Moses Dock on Pennington Marshes has not only Creek Cottage but two Tudor buildings which may have been sea salt boiling houses.
Now the ground around them is being excavated over two weerks by volunteer archaeologists as part of the Festival of British Archaeology which starts on Monday 19 July.
The New Forest National Park Authorityâ€™s Archaeologist Frank Green says: “Salt was often said to be worth its weight in gold and has played a vital role in nearly every civilisation since the beginning of time. It has been used to preserve and improve the taste of food, for tanning hides to make leather and treating wounds. It wouldnâ€™t be over-emphasising it to say that you could judge how sophisticated a society was by the availability of salt.
“The salt industry once dominated the New Forest coast and has shaped the natural and economic landscape which residents, visitors and nature lovers know today.”
At the industryâ€™s peak in around 1730 there were 163 pans in the Lymington area. Between 1724 and 1766 Lymington exported 4,612 tons of salt in 64 ships – 12 cargoes were destined for Newfoundland, 33 to America and others to Norway, Ireland and the Channel Islands.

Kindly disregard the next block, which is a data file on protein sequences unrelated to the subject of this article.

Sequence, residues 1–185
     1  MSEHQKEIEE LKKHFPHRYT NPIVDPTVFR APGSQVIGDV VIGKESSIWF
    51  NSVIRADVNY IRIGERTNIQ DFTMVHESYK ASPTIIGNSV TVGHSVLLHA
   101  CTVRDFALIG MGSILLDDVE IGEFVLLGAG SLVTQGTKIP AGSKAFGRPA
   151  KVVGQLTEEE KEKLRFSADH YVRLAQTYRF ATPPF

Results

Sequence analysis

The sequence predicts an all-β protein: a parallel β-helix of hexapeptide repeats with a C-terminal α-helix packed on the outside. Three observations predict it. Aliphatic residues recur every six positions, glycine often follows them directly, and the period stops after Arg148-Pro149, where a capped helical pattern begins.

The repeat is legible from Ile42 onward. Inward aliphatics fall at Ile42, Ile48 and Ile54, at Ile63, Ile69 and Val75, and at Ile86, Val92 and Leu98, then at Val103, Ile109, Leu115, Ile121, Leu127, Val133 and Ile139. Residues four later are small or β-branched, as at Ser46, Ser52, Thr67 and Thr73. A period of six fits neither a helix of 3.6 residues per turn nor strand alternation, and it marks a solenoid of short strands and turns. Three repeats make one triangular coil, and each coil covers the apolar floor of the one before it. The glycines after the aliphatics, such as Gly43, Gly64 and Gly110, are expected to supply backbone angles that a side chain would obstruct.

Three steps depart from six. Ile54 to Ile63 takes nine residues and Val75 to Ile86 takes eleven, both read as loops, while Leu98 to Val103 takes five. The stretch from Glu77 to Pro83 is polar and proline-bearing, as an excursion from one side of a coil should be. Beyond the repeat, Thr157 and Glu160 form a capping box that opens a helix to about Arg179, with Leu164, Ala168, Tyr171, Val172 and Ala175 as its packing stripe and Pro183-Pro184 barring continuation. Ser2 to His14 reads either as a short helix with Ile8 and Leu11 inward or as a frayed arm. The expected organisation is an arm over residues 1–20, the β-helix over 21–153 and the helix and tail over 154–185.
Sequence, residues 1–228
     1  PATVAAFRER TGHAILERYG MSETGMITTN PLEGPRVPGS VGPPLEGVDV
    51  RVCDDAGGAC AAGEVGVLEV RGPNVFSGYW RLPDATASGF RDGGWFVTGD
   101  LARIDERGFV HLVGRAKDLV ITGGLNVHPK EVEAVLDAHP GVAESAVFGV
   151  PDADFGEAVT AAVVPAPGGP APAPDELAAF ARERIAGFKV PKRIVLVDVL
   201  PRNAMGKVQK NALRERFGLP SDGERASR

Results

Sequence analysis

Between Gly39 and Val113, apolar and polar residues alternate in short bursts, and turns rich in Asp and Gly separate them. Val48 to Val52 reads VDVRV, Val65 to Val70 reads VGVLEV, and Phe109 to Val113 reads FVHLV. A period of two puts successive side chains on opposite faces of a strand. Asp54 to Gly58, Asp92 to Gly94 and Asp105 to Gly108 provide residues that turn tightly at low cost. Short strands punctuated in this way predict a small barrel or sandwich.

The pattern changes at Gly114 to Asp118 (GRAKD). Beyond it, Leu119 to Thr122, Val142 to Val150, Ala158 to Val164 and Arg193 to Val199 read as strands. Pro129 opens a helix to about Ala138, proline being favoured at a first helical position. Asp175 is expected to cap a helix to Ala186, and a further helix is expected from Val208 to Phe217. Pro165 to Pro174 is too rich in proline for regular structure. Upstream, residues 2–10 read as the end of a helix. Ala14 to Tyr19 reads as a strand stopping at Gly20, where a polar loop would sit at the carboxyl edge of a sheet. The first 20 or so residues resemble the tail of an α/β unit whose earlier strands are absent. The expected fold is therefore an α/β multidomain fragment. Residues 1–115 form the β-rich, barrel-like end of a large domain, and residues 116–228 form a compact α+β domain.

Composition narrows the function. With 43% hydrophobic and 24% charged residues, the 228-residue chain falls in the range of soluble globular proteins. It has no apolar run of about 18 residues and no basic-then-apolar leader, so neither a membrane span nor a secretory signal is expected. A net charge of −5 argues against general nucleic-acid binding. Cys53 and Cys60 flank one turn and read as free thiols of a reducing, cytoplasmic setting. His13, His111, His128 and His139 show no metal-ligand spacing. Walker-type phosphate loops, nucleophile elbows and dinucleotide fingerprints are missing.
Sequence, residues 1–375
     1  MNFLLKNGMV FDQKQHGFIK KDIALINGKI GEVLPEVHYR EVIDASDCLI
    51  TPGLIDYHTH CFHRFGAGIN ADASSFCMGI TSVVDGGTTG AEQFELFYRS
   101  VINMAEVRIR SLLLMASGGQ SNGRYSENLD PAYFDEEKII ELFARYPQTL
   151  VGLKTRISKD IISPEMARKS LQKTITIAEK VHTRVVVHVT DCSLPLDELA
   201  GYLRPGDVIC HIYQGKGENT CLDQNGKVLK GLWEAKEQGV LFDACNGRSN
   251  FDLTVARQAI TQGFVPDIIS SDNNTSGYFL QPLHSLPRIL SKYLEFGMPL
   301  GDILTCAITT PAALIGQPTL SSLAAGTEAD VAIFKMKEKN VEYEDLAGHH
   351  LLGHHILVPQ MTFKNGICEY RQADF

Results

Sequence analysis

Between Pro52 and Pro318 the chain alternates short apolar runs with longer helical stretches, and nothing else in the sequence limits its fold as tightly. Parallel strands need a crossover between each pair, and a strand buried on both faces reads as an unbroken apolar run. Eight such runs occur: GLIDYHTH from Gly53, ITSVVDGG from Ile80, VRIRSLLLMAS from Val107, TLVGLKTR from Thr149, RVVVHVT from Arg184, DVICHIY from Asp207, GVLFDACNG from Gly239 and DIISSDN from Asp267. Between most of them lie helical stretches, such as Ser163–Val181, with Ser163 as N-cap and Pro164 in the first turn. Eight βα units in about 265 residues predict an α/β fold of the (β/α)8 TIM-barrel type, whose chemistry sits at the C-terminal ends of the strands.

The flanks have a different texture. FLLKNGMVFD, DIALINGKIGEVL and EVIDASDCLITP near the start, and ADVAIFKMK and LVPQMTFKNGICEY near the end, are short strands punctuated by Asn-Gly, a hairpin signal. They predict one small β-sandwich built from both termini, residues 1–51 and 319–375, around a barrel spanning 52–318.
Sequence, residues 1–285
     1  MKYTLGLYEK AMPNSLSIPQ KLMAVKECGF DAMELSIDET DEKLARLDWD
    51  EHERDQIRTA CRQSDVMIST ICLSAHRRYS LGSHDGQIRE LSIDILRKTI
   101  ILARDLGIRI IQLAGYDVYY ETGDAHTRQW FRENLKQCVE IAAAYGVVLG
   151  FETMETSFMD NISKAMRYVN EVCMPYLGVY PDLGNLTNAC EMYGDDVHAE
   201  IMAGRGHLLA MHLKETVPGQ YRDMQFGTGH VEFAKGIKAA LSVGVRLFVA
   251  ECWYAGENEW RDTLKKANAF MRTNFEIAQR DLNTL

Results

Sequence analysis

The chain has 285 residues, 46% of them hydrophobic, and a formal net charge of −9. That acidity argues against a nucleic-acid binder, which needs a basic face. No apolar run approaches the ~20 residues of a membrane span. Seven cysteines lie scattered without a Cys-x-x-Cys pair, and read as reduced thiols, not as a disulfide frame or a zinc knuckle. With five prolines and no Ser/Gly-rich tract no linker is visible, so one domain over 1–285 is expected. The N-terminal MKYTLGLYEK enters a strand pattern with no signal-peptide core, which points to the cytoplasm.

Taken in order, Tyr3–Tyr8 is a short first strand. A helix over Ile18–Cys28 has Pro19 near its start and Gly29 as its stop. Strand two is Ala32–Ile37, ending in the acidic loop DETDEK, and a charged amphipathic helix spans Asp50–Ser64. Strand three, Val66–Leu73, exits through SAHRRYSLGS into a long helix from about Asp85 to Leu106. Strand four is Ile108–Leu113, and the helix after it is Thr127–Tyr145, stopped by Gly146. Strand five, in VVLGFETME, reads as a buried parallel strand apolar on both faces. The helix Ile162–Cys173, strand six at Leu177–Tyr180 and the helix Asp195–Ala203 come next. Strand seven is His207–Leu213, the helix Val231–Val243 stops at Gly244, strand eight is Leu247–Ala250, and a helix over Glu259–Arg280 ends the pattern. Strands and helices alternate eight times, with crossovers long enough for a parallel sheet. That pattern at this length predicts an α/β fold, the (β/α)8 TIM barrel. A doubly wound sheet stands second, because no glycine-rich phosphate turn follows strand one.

By the middle of the 19th century the coastal salt production industry died out because of the cost of fuel, because it could only be produced in the summer and because cheaper rock salt became available from Cheshire.
Frank adds: “What we do know from the 1840 tithe map for Lymington is that one of the buildings was much larger and longer than we see today.”
He believes it important that we find out as much as we can before the buildings and ground are lost to climate change.
The old buildings have planning permission for conversion into an office and storage, once the excavation is finished â€“ ensuring they survive for future generations.
The excavation is part of the New Forest National Park Authorityâ€™s coastal heritage project which was set up to fully record the archaeology of the coastal area and to share this with as many people as possible.
Tours are available next week on Monday, Tuesday, Wednesday, Friday and Saturday at 11am but booking is essential on [email protected]
The week after there is a tour on Sunday 25 July at 2pm and on Tuesday, Wednesday ad Thursday at 11am and 5.30pm. These later ones may offer greater finds as work will be much more advanced.
The site can be reached from near the Chequers Inn where salt was once weighed and sold.
See page 81.